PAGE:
The Keeshond Dog Breed - An Affectionate, Fun Dog that has a LOT of Hair!

Cute and Energetic!
Cute and Energetic!

If you want a dog that always appears to be smiling…then the Keeshond may be the breed for you! Originally from Holland, the Keeshond dates as far back as the sixteenth century and is believed to be a descendent of the German Wolfspitz. Though the Keeshond was originally bred to perform watchdog duties, today they are loyal and loving companion animals! This affectionate and playful dog stands 16 to 18 inches in height, weighs 35 to 42 pounds and lives approximately 12 to 14 years.

This well-balanced, sturdy dog is medium in size, has small erect ears and beautiful dark brown eyes. Their fur is a mixture of gray and black with a pale gray or cream undercoat (their muzzles are always dark). The Keeshond has a dense coat; however, it is easier to care for than one might think. Weekly brushings with a stiff bristle brush will keep the Keeshond's coat healthy and free of tangles and mats.  Though their coats are relatively easy to care for, if neglected, you will run into problems! Neglected coats can easily become…well, for lack of better words…big tangled rat's nests! If this happens, be prepared to get out your wallet as you will most likely need the touch (and help) of a professional groomer! It should also be noted that his breed molts (sheds) two times per year. During these times…you can expect a lot of loose hair to end up on your carpet and couch! If you are a neat freak and do not like to vacuum…it would probably be best to avoid this dog breed all together.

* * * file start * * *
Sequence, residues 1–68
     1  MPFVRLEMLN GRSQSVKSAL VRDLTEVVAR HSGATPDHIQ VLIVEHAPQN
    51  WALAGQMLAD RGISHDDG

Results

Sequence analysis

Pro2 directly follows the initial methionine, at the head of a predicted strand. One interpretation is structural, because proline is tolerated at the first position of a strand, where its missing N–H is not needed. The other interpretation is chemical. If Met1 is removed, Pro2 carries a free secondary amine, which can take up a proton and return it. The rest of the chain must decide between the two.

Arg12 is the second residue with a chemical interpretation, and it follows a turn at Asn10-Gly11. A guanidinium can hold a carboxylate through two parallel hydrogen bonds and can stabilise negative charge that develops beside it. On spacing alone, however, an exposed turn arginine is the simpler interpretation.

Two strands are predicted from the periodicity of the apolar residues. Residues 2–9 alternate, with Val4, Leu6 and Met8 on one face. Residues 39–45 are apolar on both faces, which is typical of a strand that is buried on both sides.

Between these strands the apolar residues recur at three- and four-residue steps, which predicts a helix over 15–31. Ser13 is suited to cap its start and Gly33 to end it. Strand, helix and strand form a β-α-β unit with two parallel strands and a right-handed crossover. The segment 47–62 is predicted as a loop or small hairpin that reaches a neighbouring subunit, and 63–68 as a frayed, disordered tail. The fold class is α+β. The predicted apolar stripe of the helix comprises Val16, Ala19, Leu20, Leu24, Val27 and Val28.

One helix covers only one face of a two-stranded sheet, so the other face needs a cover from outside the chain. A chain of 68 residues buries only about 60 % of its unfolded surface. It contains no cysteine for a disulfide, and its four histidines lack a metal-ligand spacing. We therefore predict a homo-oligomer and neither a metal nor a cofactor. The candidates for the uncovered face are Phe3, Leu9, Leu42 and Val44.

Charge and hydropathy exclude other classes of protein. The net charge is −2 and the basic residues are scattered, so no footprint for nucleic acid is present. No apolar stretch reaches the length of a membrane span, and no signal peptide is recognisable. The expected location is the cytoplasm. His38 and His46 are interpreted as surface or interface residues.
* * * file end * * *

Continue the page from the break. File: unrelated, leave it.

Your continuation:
Fun Loving Family Dog!

The Keeshond is fun-loving and gentle. They are wonderful family dogs as they are very people oriented and good with children. They love to be involved in family activities so be prepared to bring your furry friend along on hikes and camping trips (they don't like to be left alone for long periods of time!). Though good with people, it should be noted that this breed can get overly excited. Therefore, children should be taught how to properly care for and play with this breed. They do best in CALM environments (unless you don't mind a rowdy dog!). Just as Keeshonds get along well with people…they also get along well with other animals (especially if socialized and trained early!). They enjoy the companionship of other dogs and for this reason, would be good dog park companions.


City or Country? Which is Best?

So exactly what type of home is best for the Keeshond? Well, as mentioned above, they do well with children and have the capability of getting along well with other pets. When it comes to which setting is best for this breed (country versus city)…truth be told… the Keeshond can adapt to either. Though they would appreciate a yard to play and run in…they can also thrive in an apartment (city setting) as long as they get enough exercise! Though the Keeshond wouldn't mind living in an apartment…it should be noted that they do have a tendency to bark (which might upset the neighbors). This dog can also over-heat easily…so an over-heated home would not be ideal.